Accominta Tribe

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Accominta Indians (possibly related to the Chippewa ä‛ku‛kŭmiga‛k, a locative expression referring to the place where land and water meet, hence, specifically, shore, shore-line – Wm. Jones.)  The name was given by the Indians to York River.

A small tribe or band of the Pennacook confederacy, commonly called Agamenticus or Accominticus, that occupied a village of the same name at or near the site of the present York, York County, Maine, to which the name “Boston” was given on some early maps. Capt. John Smith[1] says that the people of this place were allied to those immediately North of them, and were subject to the bashabees of Penobscot, which would seem to place them in the Abnaki confederacy, though they are now generally and apparently correctly included in the Pennacook confederacy. Schoolcraft[2] includes this area in the Pennacook dominion. Under what name the Accominta people were subsequently recognized is not known. (James Mooney, Cyrus Thomas)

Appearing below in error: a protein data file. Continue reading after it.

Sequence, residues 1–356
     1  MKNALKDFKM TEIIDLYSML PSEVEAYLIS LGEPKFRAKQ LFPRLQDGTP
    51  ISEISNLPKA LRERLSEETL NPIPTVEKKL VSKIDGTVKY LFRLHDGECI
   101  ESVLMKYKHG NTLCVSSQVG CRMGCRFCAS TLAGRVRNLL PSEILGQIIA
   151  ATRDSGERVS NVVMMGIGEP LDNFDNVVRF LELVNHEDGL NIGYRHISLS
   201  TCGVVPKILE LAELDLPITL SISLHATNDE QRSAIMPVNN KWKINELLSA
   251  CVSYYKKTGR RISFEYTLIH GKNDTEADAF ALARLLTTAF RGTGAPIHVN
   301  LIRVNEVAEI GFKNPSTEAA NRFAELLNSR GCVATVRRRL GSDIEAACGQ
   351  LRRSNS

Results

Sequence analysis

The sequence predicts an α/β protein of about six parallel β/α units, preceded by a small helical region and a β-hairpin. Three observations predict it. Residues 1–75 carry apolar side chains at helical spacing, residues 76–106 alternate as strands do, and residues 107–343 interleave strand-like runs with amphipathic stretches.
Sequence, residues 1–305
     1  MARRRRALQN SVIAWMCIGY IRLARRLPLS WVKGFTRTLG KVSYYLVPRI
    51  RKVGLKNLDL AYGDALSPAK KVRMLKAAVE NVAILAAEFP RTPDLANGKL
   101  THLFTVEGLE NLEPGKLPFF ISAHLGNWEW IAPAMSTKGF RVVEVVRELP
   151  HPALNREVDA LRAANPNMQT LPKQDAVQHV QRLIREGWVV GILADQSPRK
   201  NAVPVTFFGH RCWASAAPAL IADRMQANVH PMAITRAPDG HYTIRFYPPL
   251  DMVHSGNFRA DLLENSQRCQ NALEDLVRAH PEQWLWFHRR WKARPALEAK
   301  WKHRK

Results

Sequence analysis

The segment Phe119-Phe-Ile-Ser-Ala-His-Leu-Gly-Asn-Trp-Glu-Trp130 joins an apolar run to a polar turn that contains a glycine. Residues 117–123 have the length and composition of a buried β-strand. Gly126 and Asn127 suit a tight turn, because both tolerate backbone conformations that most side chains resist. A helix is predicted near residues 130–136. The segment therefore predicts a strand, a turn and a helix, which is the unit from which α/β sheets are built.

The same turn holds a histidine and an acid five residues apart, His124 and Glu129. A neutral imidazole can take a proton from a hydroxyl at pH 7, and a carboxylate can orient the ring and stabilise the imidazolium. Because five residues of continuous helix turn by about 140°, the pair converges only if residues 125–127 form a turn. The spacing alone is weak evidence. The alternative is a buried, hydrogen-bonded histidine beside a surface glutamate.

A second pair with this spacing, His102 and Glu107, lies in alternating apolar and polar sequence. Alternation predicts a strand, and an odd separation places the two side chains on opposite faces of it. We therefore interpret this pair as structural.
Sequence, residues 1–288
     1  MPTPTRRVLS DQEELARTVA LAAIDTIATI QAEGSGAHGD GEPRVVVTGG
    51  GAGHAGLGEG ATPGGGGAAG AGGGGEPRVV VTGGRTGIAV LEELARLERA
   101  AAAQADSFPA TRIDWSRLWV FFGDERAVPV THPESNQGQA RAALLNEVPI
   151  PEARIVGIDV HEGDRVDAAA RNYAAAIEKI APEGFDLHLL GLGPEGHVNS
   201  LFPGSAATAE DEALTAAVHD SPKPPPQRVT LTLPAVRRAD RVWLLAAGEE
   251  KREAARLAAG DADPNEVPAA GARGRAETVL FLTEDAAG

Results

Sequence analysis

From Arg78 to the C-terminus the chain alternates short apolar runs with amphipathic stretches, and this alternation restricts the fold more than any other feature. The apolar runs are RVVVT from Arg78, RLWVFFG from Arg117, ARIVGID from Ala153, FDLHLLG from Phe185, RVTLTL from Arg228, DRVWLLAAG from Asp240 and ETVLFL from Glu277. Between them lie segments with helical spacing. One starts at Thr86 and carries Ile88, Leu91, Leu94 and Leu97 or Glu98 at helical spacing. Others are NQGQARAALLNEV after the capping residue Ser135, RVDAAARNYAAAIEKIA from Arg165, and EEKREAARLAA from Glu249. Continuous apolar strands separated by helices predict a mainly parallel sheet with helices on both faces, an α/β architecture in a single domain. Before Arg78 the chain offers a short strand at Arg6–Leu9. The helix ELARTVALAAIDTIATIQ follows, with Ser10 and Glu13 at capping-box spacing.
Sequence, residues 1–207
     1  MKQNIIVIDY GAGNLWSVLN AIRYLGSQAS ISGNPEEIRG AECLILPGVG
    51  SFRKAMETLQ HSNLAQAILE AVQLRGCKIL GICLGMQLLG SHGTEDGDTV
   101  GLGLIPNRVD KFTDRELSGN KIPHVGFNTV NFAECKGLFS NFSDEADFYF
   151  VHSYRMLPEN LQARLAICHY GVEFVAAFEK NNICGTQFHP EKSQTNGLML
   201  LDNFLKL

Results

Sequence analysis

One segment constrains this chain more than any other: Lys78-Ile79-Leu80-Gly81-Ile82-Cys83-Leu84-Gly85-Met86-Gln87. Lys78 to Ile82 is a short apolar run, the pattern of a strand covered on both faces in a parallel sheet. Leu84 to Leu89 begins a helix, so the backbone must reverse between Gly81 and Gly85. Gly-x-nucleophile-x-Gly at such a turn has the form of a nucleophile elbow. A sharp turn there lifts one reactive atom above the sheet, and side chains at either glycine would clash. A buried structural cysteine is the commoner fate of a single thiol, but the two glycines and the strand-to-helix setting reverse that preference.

Footnotes

   (↵ returns to text)

  1. Smith, Virginia, II, 183, repr. 1819
  2. Schoolcraft, Ind. Tribes, v, 222, 1856



MLA Source Citation:

Hodge, Frederick Webb, Compiler. The Handbook of American Indians North of Mexico. Bureau of American Ethnology, Government Printing Office. 1906. AccessGenealogy.com. Web. 20 April 2014. http://www.accessgenealogy.com/native/accominta-tribe.htm - Last updated on Aug 2nd, 2013


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